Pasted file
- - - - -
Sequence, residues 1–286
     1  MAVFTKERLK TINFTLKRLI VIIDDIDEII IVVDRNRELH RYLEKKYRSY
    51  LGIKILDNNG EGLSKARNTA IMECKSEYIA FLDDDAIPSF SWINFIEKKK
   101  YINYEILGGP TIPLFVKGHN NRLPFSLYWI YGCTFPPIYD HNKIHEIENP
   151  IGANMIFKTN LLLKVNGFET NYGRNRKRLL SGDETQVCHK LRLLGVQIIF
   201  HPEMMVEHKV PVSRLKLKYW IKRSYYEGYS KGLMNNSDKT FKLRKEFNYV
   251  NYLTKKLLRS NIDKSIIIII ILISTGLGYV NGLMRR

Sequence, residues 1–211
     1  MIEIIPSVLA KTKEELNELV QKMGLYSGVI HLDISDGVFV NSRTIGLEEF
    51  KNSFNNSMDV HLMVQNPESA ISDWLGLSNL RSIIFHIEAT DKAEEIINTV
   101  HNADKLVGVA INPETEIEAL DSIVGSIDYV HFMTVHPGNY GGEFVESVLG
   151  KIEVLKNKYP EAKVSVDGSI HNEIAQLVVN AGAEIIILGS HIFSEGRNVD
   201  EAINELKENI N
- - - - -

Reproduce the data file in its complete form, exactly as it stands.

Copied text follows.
Sequence, residues 1–286
     1  MAVFTKERLK TINFTLKRLI VIIDDIDEII IVVDRNRELH RYLEKKYRSY
    51  LGIKILDNNG EGLSKARNTA IMECKSEYIA FLDDDAIPSF SWINFIEKKK
   101  YINYEILGGP TIPLFVKGHN NRLPFSLYWI YGCTFPPIYD HNKIHEIENP
   151  IGANMIFKTN LLLKVNGFET NYGRNRKRLL SGDETQVCHK LRLLGVQIIF
   201  HPEMMVEHKV PVSRLKLKYW IKRSYYEGYS KGLMNNSDKT FKLRKEFNYV
   251  NYLTKKLLRS NIDKSIIIII ILISTGLGYV NGLMRR

Sequence, residues 1–211
     1  MIEIIPSVLA KTKEELNELV QKMGLYSGVI HLDISDGVFV NSRTIGLEEF
    51  KNSFNNSMDV HLMVQNPESA ISDWLGLSNL RSIIFHIEAT DKAEEIINTV
   101  HNADKLVGVA INPETEIEAL DSIVGSIDYV HFMTVHPGNY GGEFVESVLG
   151  KIEVLKNKYP EAKVSVDGSI HNEIAQLVVN AGAEIIILGS HIFSEGRNVD
   201  EAINELKENI N